Provide ways to occupy your dog
It is important to provide your dog with stimulation and activities to keep them busy and challenged. One of the best ways to keep your dog occupied is to provide self-entertaining dog toys. For ideas for self-playing dog toys see here.
Providing chew toys or bones will also benefit your dog. Chewing is not only about cleaning their teeth and keeping them occupied. Chewing is also an excellent stress release for dogs. The chewing action releases endorphins to the brain giving them a relaxed and calm feeling. To learn more about the benefits of chewing and the best chew toys for dogs see here.
Many dogs like to dig. This is a natural instinctive behavior. However, you probably don’t want them digging up your yard. You can’t train an instinctive behavior out of a dog, but you can redirect it. If your dog is a digger it is a good idea to provide them with a digging area such as a digging pit or with toys that simulate the digging behavior. For more on this check out dog toys for diggers.
For more ideas on how to keep a dog entertained in the yard see here. Also, don’t forget to spend time outside playing with your dog.
Consider getting them a friend
You may want to consider getting a second dog to provide company for your first dog. This is obviously a big step and a decision that should not be taken lightly. It would be heartbreaking to have to rehome the new dog if things don’t work out. For advise on helping to make this important decision see Should I get a second dog quiz.
Consider safety factors
Ensure your property is well fenced to prevent your dog trying to escape. Dogs can be very resourceful if they are truly wanting to get out. This may include jumping or climbing the fence, digging under the fence or even breaking the fence. If they do manage to make an escape it is important that your dog is microchipped and registered with the local governing body that oversees animal management. It is also a good idea to use a GPS collar so locating your dog is much easier.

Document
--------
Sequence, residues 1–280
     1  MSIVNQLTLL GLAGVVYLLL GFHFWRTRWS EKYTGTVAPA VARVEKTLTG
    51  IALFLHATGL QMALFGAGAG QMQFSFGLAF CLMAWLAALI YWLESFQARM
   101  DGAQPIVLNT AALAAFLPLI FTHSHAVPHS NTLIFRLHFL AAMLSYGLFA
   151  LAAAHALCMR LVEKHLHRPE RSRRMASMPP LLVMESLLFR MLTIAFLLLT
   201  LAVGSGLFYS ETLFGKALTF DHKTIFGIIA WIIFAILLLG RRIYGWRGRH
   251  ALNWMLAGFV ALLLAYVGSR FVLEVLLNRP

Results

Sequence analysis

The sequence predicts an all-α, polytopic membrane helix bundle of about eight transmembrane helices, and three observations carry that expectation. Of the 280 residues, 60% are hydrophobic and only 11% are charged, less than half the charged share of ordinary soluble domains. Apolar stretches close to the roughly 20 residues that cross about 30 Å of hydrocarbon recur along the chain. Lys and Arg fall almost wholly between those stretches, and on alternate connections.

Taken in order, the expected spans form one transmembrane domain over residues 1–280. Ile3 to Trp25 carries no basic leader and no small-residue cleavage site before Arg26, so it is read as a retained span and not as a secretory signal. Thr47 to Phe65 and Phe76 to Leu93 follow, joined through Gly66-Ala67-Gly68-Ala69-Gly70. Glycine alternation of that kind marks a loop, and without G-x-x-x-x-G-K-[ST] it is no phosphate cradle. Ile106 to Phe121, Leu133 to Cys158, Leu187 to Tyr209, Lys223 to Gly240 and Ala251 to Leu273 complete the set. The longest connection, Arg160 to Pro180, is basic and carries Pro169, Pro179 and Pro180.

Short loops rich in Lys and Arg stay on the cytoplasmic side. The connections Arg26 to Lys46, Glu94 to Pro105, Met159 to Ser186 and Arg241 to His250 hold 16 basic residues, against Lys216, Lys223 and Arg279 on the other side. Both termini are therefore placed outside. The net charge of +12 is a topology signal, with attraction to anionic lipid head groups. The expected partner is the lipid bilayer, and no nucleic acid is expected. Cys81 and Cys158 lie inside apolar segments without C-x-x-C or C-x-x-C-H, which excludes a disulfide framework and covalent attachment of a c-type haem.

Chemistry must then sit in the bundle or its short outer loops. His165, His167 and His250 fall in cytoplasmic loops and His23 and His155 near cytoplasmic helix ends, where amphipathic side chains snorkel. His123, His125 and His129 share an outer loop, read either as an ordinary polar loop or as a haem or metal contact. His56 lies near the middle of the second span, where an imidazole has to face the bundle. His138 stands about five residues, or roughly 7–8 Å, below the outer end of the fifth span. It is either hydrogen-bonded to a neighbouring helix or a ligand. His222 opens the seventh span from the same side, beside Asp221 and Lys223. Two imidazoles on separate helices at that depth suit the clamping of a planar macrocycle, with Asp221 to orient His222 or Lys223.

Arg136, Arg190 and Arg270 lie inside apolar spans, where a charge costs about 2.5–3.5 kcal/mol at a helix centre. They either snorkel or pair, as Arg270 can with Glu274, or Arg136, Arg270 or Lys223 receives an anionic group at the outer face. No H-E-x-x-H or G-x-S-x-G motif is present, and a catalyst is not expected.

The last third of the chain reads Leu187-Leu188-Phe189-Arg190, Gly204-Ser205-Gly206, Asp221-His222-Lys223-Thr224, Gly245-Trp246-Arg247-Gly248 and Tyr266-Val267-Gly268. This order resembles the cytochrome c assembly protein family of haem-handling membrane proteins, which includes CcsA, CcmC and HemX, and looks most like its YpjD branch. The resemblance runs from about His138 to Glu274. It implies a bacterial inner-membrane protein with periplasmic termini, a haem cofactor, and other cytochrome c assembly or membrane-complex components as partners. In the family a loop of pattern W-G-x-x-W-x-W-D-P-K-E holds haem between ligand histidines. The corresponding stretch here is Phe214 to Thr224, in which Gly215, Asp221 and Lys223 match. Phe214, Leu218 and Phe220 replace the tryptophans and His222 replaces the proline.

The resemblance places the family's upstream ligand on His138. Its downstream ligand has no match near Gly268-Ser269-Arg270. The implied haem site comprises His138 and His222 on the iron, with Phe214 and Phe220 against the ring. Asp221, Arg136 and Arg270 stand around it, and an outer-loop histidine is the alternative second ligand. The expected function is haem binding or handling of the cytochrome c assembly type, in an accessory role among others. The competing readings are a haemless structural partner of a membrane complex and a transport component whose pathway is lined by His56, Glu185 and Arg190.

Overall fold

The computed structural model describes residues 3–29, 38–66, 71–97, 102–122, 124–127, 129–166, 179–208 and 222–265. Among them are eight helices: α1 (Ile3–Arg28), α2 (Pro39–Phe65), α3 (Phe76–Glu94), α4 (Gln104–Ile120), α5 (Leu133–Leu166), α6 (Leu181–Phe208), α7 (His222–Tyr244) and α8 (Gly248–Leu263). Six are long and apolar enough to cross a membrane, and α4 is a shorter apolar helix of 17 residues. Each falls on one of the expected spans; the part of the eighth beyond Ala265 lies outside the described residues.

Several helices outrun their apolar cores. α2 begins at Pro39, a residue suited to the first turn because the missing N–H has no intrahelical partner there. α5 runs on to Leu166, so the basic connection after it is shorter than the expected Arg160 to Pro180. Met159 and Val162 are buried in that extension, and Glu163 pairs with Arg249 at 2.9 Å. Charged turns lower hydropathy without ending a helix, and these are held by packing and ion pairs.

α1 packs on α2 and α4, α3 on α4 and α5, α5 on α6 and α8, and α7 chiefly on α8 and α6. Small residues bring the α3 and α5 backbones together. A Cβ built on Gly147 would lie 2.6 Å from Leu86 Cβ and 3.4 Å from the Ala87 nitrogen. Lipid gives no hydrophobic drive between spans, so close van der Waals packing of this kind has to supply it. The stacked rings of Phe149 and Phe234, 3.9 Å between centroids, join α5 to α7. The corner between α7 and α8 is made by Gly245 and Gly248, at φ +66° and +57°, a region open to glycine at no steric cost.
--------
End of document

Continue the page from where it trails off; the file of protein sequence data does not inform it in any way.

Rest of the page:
DO NOT leave your dog chained up outside. This is extremely unfair and is no life for a dog.
Take the weather conditions into consideration. If you live in an extremely cold make sure that it is suitable for your dog to be outside. If the weather is hot take precautions to prevent the risk of heatstroke and dehydration. See how to keep a dog cool in hot weather for ideas.
Also be aware of the possibility of someone stealing your dog. This is more of a concern than many people realize. Unfortunately, there are some horrible people out there and dogs are often stolen as a bait dog for dog fighting. Some dogs are stolen simply because someone likes your particular breed of dog to keep themselves or to sell for money. Take precautions to ensure your property is secure such as putting a padlock on your gates to stop access to the property.
Ensure that there are no potential safety hazards in the yard. This may include any sharp or dangerous items such as tools or small items that they could swallow and coke on. Also be aware of any poisons such as toxic plants or rodent or slug poisons.
If you are in the process of transitioning your inside dog to outside I hope these tips are of some help. Remember that it is a process and you may need to be patient and understanding of how the change affects them. In general, dogs do adapt to a change in routine or circumstances quite quickly as long as you guide them.